' NKW.FIHM.-We arc pleased to welcome .
back to our City nnc'tif its ole1 residents
Mr. li. E. B. Hewetson, who was for many
years connected with th?.' erection <>t" the
new Stat?.' Capitol. Previous to his advent
in this city, he ivas, engaged as a Civil En?
gineer ,pn thc \orth Carolina Cagtraljlail
road^and there gave universal satisfaction.
M?. Kay is well known in our city, having
been, since 1S54, a Resident Architect of
our new State House.w He ?as, previous to
his engagementr'here, Assistant Architect
and Engineer ,<jf the New York Crystal
Palace. We are fully assured tiiat these
gentlemen will give entire satisfaction in
the exercise of their profession, and we
wis?i them a hearty welcome l>a.ek to their
homes, an abundance of work, and toother*
citizens the advantage of their services.
. Cooi. ATn Ci.otrpv.-Sn Tai-? thc raina
have bren slight, but the skies are mark
with clouds, of a raw and threatening as?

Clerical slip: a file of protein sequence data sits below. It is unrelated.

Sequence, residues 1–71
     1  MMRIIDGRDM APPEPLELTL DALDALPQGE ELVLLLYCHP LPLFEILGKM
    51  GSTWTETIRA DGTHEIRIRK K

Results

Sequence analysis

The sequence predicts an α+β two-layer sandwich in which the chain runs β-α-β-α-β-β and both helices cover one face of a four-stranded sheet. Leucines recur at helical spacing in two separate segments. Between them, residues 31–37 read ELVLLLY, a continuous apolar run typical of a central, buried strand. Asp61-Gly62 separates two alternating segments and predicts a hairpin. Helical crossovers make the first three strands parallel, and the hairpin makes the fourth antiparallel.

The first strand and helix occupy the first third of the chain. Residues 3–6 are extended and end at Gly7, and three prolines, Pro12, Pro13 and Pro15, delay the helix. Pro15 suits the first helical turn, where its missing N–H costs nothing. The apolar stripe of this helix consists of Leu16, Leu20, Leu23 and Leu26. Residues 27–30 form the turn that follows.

pect. Tffe winds. incline tn the East, bat
show themselves coquettishly. In all proba?
bility, their, caprices will conting till to?
wards night, (that is, Wednesday night,)
and then the North-Eas.t will gain the
ascendant, and we slia?l have a concussion
through thc usual medium of the equinoc?
tial gale. Thea shall the summer vapors
bc dispersed; then will the inga lift; then
will the Convention adjoun? then' wit!
everybody bc happyi and then will October
enter upon the scene, like a portly, grace?
ful, brown-cheeked, 'middle-aged gentle-,
man, like some of tho ex-Govarnors whom
wc know, looking benignantly upon th*
prospect, -and waving paternal and patri?
archal arms in blessing over the future of
thc year, at least. It is not easy to say in